Bassett's Blog : Power Steering Coming Soon?
Only a Matter of Time Before Technology Makes its Way to Snowmobiles
Story by Jerry Bassett, Senior Editor, Nov. 15, 2007Email a friend Print Friendly RSS
We figured that adding EPS to touring and two-up machines—normally the heaviest models since they feature the most bells and whistles—would make them easier to enjoy on a long mileage tour. In Yamaha’s case, adding power-assist shouldn’t be that big of a deal. With its line of multi-cylinder, 4stroke-engined sleds, Yamaha is not the lightweight leader of the industry. But adding EPS might alleviate some of that heavy-steering feeling and actually make their sleds seem lighter and more nimble on the trail.
Yamaha is not alone in the heavy steering category. If Yamaha adds EPS to select models in a future season or two, we could see Arctic Cat and Polaris opting in with an EPS system of their own, especially on their 4stroke models. Polaris’ front-heavy Weber-engine turbo models could really use a boost in its steering.
So, why do we think that Yamaha has plans for EPS? Let’s just say that a little exploratory patent searching unearthed a description of a snowmobile power steering system that was applied for in late August 2006. Examining the documentation presented to the US Patent Office, the power-assisting device bears an uncanny similarity to the EPS device used on Yamaha’s Grizzly ATV. The difference here is that adding assisted power steering is a bit more complicated. Since Yamaha engineers are nearly pathological about maintaining their sled’s center of balance, any added power steering device has to (literally) fit into that engineering plan.
The EPS proposed would consist mainly of three pieces: a steering angle sensor, a controller, and a motor to power the steering arm(s). In this proposed usage the motor operated between the steering shaft and the steering linkages.
Where would we expect EPS to show up? Hmm, let’s see. The diagram shows a sled that appears in side profile to be a Vector but the engine position seems to show a four-cylinder motor. However, we expect that this is a convenience as the patent references other engine configurations—including V-shape, boxer and differences in cylinder and displacement. In the contents of the patent, references cite power steering as reducing the effort a rider uses to steer the vehicle, especially when the sled is front heavy and traveling at high speeds. That might suggest the Apex could be the harbinger of EPS.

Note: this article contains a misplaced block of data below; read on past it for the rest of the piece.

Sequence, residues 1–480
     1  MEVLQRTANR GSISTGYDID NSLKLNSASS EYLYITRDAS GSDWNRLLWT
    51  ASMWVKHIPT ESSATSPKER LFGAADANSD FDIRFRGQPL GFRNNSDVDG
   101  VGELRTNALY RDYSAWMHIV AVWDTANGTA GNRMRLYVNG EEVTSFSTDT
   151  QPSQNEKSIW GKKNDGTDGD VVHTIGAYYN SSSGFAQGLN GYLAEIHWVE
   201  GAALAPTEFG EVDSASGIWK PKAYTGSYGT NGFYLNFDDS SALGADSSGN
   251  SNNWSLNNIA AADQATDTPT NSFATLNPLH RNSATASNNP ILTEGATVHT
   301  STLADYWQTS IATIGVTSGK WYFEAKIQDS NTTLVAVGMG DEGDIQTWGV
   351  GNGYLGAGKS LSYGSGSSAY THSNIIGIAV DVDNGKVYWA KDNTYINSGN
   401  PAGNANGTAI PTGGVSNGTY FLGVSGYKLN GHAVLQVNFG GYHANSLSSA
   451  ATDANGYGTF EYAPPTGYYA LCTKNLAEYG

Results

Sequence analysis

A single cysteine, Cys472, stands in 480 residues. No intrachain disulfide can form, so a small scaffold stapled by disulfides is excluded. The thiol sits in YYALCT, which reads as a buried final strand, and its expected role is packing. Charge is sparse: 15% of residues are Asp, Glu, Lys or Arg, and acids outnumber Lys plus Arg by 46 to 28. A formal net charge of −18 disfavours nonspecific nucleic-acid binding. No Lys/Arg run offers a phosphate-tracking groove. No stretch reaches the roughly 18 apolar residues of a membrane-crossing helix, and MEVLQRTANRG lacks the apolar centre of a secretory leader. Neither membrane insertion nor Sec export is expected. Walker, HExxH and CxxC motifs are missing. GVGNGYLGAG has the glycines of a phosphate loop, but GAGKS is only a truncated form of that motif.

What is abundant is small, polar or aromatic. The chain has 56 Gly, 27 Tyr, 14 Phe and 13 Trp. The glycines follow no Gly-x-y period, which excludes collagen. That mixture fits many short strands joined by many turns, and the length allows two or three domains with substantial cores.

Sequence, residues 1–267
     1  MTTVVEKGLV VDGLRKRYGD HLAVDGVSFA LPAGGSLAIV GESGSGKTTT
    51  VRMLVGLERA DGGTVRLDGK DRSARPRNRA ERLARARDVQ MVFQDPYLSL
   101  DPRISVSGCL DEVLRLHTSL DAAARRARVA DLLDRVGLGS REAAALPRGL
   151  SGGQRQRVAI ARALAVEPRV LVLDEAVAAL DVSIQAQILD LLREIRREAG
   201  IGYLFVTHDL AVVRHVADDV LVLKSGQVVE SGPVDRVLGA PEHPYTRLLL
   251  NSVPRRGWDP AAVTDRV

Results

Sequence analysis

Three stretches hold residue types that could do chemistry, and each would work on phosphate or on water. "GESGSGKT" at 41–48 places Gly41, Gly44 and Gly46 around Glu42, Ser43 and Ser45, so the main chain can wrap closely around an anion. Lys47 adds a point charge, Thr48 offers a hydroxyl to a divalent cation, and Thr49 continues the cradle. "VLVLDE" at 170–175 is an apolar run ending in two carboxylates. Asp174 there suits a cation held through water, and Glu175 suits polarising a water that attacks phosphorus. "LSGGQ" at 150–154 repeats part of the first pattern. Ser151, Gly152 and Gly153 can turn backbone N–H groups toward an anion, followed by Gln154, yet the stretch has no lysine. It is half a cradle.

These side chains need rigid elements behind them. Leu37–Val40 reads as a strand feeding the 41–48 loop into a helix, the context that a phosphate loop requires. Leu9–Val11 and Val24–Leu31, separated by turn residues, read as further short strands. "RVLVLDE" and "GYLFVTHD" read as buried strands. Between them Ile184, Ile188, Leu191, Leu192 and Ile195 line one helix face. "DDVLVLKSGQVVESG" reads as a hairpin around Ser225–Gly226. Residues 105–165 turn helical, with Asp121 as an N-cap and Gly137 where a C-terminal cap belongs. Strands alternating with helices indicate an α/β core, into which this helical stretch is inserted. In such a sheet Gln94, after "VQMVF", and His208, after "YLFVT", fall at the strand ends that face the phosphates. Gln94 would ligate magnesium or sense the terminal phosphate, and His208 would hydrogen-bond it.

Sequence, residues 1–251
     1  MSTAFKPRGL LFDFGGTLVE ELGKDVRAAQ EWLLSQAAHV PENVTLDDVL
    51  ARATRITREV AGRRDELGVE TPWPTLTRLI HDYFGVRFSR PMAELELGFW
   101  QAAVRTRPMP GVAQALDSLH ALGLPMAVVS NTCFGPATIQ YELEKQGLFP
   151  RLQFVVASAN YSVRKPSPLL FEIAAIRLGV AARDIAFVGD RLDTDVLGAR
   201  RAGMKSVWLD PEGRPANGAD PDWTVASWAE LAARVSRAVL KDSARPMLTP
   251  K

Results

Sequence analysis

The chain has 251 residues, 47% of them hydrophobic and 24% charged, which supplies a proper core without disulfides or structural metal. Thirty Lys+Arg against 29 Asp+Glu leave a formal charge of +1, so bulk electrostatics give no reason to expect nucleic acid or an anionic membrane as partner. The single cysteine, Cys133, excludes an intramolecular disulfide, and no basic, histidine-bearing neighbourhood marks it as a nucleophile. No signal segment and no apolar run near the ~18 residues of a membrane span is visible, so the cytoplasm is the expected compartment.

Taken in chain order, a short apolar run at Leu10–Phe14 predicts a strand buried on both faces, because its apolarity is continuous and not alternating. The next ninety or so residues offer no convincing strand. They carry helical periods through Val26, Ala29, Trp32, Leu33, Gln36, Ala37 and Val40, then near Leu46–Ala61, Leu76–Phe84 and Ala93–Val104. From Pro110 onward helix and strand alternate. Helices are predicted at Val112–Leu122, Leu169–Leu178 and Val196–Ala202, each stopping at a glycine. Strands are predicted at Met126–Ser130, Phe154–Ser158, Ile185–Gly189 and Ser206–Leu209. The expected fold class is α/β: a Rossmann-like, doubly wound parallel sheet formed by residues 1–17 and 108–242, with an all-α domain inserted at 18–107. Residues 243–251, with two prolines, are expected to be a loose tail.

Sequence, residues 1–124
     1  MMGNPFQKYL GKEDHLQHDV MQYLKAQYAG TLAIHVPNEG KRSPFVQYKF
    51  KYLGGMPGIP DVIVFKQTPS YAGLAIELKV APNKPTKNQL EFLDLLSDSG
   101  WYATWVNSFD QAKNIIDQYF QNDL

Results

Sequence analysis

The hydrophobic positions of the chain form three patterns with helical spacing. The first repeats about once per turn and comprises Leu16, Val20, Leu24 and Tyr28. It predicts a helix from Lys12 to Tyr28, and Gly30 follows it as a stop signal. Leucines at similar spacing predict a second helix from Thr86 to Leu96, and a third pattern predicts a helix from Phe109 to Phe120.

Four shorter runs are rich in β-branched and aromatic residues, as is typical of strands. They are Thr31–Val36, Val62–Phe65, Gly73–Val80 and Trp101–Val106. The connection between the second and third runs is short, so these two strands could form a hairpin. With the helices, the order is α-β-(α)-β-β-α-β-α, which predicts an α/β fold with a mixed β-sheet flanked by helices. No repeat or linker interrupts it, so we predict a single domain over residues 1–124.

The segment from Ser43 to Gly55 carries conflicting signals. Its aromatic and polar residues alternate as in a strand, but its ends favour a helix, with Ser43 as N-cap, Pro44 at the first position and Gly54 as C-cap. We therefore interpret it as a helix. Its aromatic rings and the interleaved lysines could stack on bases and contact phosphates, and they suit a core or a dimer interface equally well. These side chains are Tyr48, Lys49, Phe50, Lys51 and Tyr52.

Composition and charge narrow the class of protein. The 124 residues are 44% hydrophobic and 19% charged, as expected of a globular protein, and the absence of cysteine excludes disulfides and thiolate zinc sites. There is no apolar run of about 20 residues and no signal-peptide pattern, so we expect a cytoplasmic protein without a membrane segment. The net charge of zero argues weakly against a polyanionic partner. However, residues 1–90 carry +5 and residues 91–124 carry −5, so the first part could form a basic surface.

Looking at things from Yamaha’s point of view is dangerous, as over the past five seasons, the 4stroke sled maker springs the unexpected on a regular basis. It would seem that the top-of-the-food chain Apex may be due for an upgrade as the Vector got a substantial dressing up for 2008. The Venture would seem most likely to get EPS in more normal times, but sales of two-up touring machines is very small. Still, rolling out a new-to-snowmobiling technology like EPS might benefit from a low stress introduction. But is that Yamaha’s style?
We figure that EPS might best be served on an Apex luxury model with high performance and lots of features. Maybe even on an extended track version like the LTX where extra track length increases overall steering effort. Making an effort to lighten that load would be a plus!
Enough of trying to glean something for the future world of snowmobiling from the US Patent Office. We managed to uncover ideas for ski brakes on snowmobiles and even some thought about creating antilock braking. Just applying for a patent doesn’t mean it will ever make its way on to a snowmobile. But, then again, it doesn’t mean it won’t. Let’s see where Yamaha goes with this idea.